What is the trend to zero proof drinks all about? How do today's non alcoholic cocktails differ to mocktails? Here, New York-based journalist and author of the new book Zero Proof, Elva Ramirez, explains.
Zero proof drinking is having a moment. There’s never been more so called non-alcoholic spirits (a designation we’ve written about before, here) available for consumers, and bartenders at top bars have taken up the task of creating non alcoholic drinks for their guests with gusto.
But what is zero proof drinking? How are zero proof cocktails — non alcoholic cocktails — different to the old mocktails of yore, which were little more than a few fruit juices thrown together and dished out in a Hurricane glass? We asked New York-based journalist Elva Ramirez for some answers.
Ramirez is the author of Zero Proof: 90 Non-Alcoholic Recipes For Mindful Drinking, which has just been released. In the book, Ramirez brings together zero proof recipes from bartenders as far afield as Paris and London, Puerto Rico, and the USA. The book also offers essays on the history of drinking in the USA (and the earliest of temperance drinks), and on how the modern day turn to temperance cocktails has come about.
Below, lightly edited and condensed for clarity, Ramirez explains what zero proof drinks are, how they differ to mocktails, and touches on the history of non alcoholic drink options dating back to the professor Jerry Thomas and his 1887 book, The Bar-Tender’s Guide.
What are zero proof cocktails? What do we mean when we talk about zero proof drinks?
Zero proof is the modern take on the non alcoholic cocktail. For many years, people have called these mocktails — which is fine, you can continue to call it that if you like, but I consider that term to be of a different time, of a certain time. So zero proof really captures the way people are approaching this style of drink now.
It’s a different take on techniques, ingredients of course, and style. I make the comparison a lot to vegan, or gluten free, or vegetarian food, where it’s still made with the same care as anything else, it just happens to not have certain ingredients.
It’s not about the absence of something — it’s still made with all the same care, for the same occasions as its boozy counterparts.
It’s not about missing out necessarily, even though you are taking out alcohol.
I consider it in many ways to be at the vanguard of bartending culture right now, there’s so many people out there who are so talented who have explored the world of boozy drinks, and now can apply that creativity in a new place, and can still apply their bag of tricks to these new styles of drinks.
So it seems like some of the scorn bartenders would give to these drinks is going away?
The thing that drives me a little bit crazy about it is that there is so much scorn. I still see it, even now. But the point I make is that the non-alcoholic cocktail has been part of cocktail culture from the beginning. The temperance drink is featured in Jerry Thomas’ Bar-Tender’s Guide — they are there from the start.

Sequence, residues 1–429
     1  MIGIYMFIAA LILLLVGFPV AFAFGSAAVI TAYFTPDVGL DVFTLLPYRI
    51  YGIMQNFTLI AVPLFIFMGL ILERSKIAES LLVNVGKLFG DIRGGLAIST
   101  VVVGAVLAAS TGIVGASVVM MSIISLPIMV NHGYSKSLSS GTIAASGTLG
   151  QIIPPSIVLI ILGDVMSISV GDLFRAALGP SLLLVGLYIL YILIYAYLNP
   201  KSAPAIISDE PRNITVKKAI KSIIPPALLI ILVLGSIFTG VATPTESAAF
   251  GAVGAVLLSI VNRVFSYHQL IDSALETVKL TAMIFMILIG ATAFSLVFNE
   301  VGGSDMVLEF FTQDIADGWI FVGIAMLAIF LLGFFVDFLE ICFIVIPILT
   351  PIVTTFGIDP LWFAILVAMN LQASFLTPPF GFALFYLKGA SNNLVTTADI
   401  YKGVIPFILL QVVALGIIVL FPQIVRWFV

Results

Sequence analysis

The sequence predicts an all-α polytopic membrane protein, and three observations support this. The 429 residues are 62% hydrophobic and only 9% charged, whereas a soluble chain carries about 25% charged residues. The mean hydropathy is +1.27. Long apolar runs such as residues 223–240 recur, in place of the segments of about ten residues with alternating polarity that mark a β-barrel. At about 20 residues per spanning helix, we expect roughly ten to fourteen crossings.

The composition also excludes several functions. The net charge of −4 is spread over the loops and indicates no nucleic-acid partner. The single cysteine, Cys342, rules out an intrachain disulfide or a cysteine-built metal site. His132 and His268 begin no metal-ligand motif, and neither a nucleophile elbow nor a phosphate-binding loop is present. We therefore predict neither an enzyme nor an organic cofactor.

But there’s a lot of reasons for the scorn — it just has to do with drinking culture in general, and societal mores, and a lot of social etiquette that is built around drinking and the tavern that goes back, at least in the America, to the founding of the colonies. And a lot of our drinking culture comes from British drinking culture.
So there’s a lot of deep down suspicion of the non-drinker that is woven into American culture. And people are really suspicious of the non-drinker because you are automatically making yourself an outsider, and people interpret that as judgement.
Whereas to bring up the food thing, at least now, you don’t judge your friend if they are vegetarian, you don’t try and pressure your friends who are vegetarian to eat chicken — you don’t do that.
What’s actually happening, the momentum behind this trend is the moderate drinker not the non-drinker. I consider myself a moderate drinker; I still drink, and I absolutely treasure a Martini, and the Gin & Tonic is my favourite drink ever. But I try to have less of it, because alcohol will just make me sick.
It’s all about balance, and that’s where I see the drinking culture going. You can still have a Martini, but maybe you have a few non-alcoholic drinks along the way and you’re not missing out on the pretty glassware, the occasion, and the ritual of drinking.
Are you finding that bartenders price these zero proof drinks around the same price as regular, boozy cocktails?
It varies. For the most part, it tends to be two to three dollars less. There are products out there now that weren’t available when I was researching the book. There’s a little bit of a boom in really quality non-alcoholic mixers — for a long time it was just Seedlip and now that back bar is getting filled with a lot of really great products. And a lot of these products are priced very similar to a bottle of vodka.
Sometimes these [zero proof] drinks, even though there’s no alcohol in them, are still expensive to make in terms of the Labour and the ingredients. Some of these drinks are very sophisticated so they require several days’ prep, for example. You’re not just throwing juice in a glass.
They’re labour-intensive, and that’s why I think it’s fair to charge a bit for them.
Elva Ramirez’s new book is on sale now — you can get Zero Proof: 90 Recipes For Mindful Drinking via Booktopia here, or through Amazon.